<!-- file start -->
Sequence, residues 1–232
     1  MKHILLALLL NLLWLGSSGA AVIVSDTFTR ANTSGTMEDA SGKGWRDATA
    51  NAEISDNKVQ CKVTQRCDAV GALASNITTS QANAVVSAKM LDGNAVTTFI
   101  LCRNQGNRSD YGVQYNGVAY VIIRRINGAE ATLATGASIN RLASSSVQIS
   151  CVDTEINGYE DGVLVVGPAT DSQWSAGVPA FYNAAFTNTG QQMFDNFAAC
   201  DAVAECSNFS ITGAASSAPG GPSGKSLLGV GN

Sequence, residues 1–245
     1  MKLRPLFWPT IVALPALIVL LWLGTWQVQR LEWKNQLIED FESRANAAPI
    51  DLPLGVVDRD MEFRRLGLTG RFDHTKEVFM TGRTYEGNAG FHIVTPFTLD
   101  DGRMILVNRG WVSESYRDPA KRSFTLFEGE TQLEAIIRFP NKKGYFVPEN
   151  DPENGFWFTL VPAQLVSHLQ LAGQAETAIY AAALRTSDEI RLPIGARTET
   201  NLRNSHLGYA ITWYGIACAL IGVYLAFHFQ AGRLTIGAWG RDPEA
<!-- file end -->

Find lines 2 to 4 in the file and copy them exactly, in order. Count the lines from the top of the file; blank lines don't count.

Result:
     1  MKHILLALLL NLLWLGSSGA AVIVSDTFTR ANTSGTMEDA SGKGWRDATA
    51  NAEISDNKVQ CKVTQRCDAV GALASNITTS QANAVVSAKM LDGNAVTTFI
   101  LCRNQGNRSD YGVQYNGVAY VIIRRINGAE ATLATGASIN RLASSSVQIS